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Sunday, 21 September 2014

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Get out before it’s too late urges Cumbrian woman whose partner stabbed her

A WOMAN has spoken about the abusive partner who tried to kill her.

As the police campaign against domestic violence is stepped up this Christmas, Emma Wilson, 31, has spoken of her ex-partner, who was jailed for 17 years last year.

The term was made indeterminate following an appeal by the Crown Prosecution Service.

Emma was in the relationship with David Heslop for 12 years. She said she was attacked on a regular basis.

“He broke my nose, gave me black eyes, smashed the windows of my house, slashed my dad’s car tyres,” she said. “When I tried to shut him out of the house he’d just break in and attack me again.

“He had a restraining order stopping him from approaching me and ended up in prison after he breached it.”

The violence escalated until, in December 2010, Heslop stabbed Emma as she sat in the bath.

She said: “We’d been separated for months. I was frightened and would always check someone’s identity before letting anyone in the house. I told my son not to let anyone in and we always kept the door locked. That night my son had some friends round and when he [Heslop] came round they let him in without realising. He came into the bathroom carrying a knife and told me it was my last night, and I knew he meant it.”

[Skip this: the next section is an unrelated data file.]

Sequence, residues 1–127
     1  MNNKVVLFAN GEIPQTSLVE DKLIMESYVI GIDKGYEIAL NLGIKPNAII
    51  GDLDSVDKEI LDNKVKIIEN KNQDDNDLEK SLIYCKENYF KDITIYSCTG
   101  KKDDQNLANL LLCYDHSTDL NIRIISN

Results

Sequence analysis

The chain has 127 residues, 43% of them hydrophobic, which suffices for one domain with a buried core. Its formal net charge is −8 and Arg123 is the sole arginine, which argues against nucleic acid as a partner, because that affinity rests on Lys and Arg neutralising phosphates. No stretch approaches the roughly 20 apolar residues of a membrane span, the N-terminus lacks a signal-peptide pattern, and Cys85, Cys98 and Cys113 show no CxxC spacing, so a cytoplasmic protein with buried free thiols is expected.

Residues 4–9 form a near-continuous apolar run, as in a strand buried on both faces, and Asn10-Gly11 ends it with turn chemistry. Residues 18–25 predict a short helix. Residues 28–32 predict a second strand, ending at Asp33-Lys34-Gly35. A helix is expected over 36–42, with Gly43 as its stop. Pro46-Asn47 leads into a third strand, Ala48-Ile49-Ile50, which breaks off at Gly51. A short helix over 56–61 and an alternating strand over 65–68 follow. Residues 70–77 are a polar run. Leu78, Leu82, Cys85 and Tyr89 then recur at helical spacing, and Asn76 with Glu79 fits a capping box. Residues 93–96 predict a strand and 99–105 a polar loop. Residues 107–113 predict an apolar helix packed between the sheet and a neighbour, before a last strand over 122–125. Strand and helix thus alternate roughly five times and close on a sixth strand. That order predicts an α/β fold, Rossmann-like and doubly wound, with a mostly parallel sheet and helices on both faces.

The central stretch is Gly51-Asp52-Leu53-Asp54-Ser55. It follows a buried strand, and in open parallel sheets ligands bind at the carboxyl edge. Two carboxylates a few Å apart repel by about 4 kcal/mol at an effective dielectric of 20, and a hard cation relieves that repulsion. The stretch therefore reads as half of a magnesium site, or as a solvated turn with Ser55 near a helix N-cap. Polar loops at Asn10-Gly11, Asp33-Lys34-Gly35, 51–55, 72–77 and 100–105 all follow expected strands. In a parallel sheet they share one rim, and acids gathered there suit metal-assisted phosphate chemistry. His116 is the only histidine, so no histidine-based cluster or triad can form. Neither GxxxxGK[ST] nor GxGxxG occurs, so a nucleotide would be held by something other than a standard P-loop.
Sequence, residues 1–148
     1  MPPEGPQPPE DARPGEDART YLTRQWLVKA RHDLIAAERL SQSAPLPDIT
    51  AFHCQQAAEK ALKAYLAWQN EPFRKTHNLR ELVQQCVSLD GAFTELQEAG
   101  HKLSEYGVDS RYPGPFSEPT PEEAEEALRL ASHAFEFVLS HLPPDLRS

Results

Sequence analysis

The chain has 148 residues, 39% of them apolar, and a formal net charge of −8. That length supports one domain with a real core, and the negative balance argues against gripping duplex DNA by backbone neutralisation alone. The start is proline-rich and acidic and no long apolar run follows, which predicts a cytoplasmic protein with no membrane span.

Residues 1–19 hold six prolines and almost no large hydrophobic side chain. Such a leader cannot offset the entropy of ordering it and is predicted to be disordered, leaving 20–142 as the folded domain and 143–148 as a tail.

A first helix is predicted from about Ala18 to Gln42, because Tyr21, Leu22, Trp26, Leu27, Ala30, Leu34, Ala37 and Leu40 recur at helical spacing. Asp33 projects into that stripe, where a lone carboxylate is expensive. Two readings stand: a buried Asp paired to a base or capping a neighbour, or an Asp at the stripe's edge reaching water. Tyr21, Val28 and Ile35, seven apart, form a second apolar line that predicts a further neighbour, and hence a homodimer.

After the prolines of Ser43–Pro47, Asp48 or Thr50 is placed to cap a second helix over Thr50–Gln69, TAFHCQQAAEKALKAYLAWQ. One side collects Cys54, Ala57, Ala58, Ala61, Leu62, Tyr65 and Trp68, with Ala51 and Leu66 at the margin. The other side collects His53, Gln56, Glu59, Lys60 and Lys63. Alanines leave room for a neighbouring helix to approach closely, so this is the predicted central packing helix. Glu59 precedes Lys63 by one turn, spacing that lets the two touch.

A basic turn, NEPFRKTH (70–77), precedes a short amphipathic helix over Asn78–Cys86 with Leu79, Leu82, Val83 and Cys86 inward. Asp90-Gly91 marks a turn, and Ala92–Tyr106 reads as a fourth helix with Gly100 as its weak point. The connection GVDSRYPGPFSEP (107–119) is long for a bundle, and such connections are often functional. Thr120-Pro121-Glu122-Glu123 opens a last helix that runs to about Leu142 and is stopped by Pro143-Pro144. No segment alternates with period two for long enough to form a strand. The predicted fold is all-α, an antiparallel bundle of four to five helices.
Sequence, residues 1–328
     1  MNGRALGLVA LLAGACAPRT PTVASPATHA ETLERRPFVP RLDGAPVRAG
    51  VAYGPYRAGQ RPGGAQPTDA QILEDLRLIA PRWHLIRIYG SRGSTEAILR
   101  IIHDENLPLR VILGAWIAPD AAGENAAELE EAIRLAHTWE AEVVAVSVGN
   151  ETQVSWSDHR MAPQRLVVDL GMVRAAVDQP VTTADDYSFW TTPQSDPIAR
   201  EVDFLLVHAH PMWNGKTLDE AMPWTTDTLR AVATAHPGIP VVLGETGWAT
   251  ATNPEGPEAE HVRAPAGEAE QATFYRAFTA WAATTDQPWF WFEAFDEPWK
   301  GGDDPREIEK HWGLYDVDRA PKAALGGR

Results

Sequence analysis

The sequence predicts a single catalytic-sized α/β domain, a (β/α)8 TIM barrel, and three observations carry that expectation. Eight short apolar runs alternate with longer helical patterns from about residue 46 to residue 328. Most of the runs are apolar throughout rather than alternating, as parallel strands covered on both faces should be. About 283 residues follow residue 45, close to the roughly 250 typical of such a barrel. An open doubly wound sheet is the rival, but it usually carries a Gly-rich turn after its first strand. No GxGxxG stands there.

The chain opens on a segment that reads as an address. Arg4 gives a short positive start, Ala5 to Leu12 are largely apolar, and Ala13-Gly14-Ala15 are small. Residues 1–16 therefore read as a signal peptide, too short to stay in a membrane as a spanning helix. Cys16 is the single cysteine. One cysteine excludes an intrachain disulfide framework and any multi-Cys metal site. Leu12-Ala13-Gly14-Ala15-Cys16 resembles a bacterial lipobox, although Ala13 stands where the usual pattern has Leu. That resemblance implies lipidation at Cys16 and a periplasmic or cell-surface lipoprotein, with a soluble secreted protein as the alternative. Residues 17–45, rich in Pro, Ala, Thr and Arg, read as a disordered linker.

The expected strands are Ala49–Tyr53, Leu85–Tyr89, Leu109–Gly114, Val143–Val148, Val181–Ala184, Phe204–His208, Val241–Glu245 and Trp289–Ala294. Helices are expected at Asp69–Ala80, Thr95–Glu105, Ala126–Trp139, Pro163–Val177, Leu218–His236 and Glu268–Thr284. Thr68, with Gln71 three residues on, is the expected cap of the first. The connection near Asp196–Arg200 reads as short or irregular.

Heslop stabbed Emma six times, puncturing her lung.

Speaking today about the horrific events, Emma, of Cleator Moor, says she is still affected by what happened to her and that Heslop is still trying to control her from prison.

“After the attack, he sent me a card with a picture of a woman in a bath saying ‘get well soon’. He’s still not admitted what he did. He sent me another letter saying he was inciting other prisoners to come and harm me when they get released. The police are very supportive, though I wish they had got involved in all this sooner”.

It was a difficult situation for those trying to support Emma during the abusive relationship. She would make a complaint and then drop the charges. Her parents would encourage her to take Heslop to court but she didn’t.

“My mum and dad were suffering through all this too. I’m in another relationship now. He’s the opposite of what I was used to but I still have a slight fear, what if he turns on me? It never goes away. There is a light at the end of the tunnel, though. You’ve just got to carry on.”

Emma says she used to ‘hate’ her former partner but now that has changed.

She said: “It’s a waste of a feeling, isn’t it. Now I just feel sorry for him. He’s the one missing out on his, and his son’s, life.”

Emma’s message to anyone in a similar situation to her own is clear. “Get out before it’s too late. Once they hit you and start controlling you, it’s time to go.”

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